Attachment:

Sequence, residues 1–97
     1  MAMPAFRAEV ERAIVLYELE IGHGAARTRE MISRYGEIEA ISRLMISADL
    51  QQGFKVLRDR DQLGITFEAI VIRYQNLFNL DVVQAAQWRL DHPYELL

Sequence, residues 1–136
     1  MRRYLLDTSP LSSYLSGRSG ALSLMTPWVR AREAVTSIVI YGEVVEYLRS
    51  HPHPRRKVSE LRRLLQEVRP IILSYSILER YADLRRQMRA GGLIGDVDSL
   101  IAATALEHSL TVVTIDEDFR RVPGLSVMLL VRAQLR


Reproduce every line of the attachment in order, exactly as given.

Sequence, residues 1–97
     1  MAMPAFRAEV ERAIVLYELE IGHGAARTRE MISRYGEIEA ISRLMISADL
    51  QQGFKVLRDR DQLGITFEAI VIRYQNLFNL DVVQAAQWRL DHPYELL

Sequence, residues 1–136
     1  MRRYLLDTSP LSSYLSGRSG ALSLMTPWVR AREAVTSIVI YGEVVEYLRS
    51  HPHPRRKVSE LRRLLQEVRP IILSYSILER YADLRRQMRA GGLIGDVDSL
   101  IAATALEHSL TVVTIDEDFR RVPGLSVMLL VRAQLR